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New PIM Focuses On Febrile Immunocompromised Systems

Wednesday, May 20, 2015 - 08:45

Infections are a common and sometimes fatal complication in young patients with compromised immune systems — such as children with sickle cell disease, or those undergoing cancer treatment or bone marrow transplant. Administering antibiotics in a timely manner is key, yet it can be difficult due to identification and communication issues, central line access issues and other barriers.

The American Board of Pediatrics (ABP) and the American Society of Pediatric Hematology Oncology (ASPHO) are teaming up to offer a new learning tool to help pediatricians break through these barriers and deliver antibiotics more quickly to children who need them.

Successful completion of the new Management of the Febrile Immunocompromised Child Performance Improvement Module (PIM) provides up to 20 continuing medication education (CME) credits from the American Academy of Pediatrics and helps pediatricians earn credit toward ABP requirements for Maintenance of Certification (MOC) Part 4.

The purpose of the PIM is to:

  • Help physicians and their teams improve the time to antibiotic administration in febrile hematology/oncology/bone marrow transplant patients
  • Teach the basics of Quality Improvement approaches and methods
  • Enable physicians to assess and improve the quality of care they deliver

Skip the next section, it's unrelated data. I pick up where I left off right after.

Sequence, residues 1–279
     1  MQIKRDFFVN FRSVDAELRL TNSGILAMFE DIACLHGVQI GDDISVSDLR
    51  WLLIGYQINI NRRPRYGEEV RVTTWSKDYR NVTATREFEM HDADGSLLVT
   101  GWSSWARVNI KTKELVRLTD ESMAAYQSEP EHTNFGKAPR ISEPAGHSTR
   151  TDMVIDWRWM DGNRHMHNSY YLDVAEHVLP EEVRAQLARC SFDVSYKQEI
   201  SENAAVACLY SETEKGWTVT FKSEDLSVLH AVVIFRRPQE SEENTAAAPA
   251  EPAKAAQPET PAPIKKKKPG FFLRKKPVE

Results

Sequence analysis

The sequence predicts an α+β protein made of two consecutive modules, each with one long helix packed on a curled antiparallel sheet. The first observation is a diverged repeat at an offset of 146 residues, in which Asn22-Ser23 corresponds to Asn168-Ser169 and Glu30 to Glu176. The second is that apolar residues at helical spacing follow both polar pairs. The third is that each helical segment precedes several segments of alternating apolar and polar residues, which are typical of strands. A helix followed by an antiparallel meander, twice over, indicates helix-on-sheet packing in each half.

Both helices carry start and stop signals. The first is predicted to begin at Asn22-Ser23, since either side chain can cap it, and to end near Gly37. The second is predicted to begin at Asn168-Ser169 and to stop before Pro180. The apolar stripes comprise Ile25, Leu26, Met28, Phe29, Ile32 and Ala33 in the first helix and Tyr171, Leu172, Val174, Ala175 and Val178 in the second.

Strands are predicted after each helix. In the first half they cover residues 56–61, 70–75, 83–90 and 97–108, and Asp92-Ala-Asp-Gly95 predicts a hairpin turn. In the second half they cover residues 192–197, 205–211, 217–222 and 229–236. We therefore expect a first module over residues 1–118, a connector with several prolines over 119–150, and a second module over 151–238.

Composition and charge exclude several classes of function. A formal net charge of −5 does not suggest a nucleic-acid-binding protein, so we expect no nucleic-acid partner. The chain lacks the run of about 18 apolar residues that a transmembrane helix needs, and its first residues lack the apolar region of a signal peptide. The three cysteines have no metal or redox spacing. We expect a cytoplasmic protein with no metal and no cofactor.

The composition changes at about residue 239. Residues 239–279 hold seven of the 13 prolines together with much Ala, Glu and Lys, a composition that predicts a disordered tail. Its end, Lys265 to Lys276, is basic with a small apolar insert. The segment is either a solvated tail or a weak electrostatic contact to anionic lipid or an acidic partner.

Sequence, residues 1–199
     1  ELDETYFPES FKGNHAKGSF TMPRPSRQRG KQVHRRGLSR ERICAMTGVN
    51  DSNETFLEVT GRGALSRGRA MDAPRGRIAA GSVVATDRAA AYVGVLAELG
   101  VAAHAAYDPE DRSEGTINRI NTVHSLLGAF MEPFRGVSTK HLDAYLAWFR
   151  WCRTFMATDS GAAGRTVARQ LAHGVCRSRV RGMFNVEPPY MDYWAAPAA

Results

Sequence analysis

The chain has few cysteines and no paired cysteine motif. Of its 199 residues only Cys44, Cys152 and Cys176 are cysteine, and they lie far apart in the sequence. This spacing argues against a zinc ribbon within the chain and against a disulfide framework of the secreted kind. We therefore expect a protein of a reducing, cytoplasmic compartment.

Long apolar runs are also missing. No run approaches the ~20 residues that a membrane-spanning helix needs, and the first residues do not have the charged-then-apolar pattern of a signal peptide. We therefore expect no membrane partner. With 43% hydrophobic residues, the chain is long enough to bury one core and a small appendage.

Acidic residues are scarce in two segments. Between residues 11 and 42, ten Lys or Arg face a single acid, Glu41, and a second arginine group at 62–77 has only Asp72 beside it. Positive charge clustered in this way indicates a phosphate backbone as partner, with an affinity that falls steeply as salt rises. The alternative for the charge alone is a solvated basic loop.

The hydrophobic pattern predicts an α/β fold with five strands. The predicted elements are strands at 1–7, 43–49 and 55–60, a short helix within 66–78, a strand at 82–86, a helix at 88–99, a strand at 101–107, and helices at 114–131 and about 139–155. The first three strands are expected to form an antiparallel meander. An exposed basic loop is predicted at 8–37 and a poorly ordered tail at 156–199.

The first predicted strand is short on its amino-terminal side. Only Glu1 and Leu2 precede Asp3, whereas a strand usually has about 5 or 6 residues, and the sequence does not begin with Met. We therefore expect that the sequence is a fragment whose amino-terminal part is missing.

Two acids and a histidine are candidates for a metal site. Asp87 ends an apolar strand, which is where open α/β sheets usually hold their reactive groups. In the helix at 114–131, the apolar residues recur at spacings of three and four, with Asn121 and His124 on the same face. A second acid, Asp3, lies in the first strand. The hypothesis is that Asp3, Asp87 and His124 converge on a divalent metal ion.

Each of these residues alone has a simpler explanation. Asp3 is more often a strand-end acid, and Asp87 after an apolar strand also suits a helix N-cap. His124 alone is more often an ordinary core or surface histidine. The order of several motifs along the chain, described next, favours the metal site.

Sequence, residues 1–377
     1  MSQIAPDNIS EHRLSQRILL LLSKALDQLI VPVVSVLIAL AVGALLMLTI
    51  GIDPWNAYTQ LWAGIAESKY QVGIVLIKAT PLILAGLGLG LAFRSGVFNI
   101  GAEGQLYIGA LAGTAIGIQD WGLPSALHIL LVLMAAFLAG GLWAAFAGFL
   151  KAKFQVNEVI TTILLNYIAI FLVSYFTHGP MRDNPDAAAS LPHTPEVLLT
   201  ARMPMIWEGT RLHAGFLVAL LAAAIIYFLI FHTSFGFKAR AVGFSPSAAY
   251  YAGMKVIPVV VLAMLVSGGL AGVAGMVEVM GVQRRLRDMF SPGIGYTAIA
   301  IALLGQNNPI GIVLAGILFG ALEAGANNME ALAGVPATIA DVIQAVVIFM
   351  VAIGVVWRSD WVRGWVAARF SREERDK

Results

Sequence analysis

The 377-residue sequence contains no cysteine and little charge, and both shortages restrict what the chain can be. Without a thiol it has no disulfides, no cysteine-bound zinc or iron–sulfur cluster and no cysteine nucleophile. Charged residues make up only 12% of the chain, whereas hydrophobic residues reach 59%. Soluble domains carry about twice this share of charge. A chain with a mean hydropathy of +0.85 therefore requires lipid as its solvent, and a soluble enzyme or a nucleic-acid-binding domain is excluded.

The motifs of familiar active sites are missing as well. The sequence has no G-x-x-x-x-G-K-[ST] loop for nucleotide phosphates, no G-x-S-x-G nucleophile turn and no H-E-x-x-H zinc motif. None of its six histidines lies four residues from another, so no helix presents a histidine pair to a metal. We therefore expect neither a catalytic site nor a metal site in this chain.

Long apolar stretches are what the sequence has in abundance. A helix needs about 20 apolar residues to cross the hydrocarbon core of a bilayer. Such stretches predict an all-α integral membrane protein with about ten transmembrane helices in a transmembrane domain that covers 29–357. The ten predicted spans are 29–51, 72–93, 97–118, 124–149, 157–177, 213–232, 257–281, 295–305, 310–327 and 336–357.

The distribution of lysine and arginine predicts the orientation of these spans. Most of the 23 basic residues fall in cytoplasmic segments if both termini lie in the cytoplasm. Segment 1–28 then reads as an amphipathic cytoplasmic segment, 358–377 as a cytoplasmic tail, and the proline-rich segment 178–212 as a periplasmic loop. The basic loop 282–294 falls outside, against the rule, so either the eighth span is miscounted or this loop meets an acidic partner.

At the end of this activity, the physician will be able to:

  • Measure and evaluate his/her antibiotic delivery in febrile patients over time
  • Apply standard quality improvement methods within his/her own practice
  • Design a standardized process of antibiotic delivery in febrile patients
  • Incorporate tools and strategies known to improve antibiotic delivery in febrile patients within his/her own practice

The PIM includes information about successful efforts to achieve 100 percent timely antibiotic delivery in both outpatient and emergency department settings in Colorado and Ohio. It includes a case study of the Cincinnati Children’s Hospital Medical Center, where a team of clerical staff, nurses, pharmacists and physicians dramatically reduced the time it took to deliver antibiotics by identifying barriers, establishing key drivers of the process, creating referral checklists and educating families.

Interested physicians can learn more about the Management of the Febrile Immunocompromised Child PIM (ABP login required) and other PIMs. For more information, contact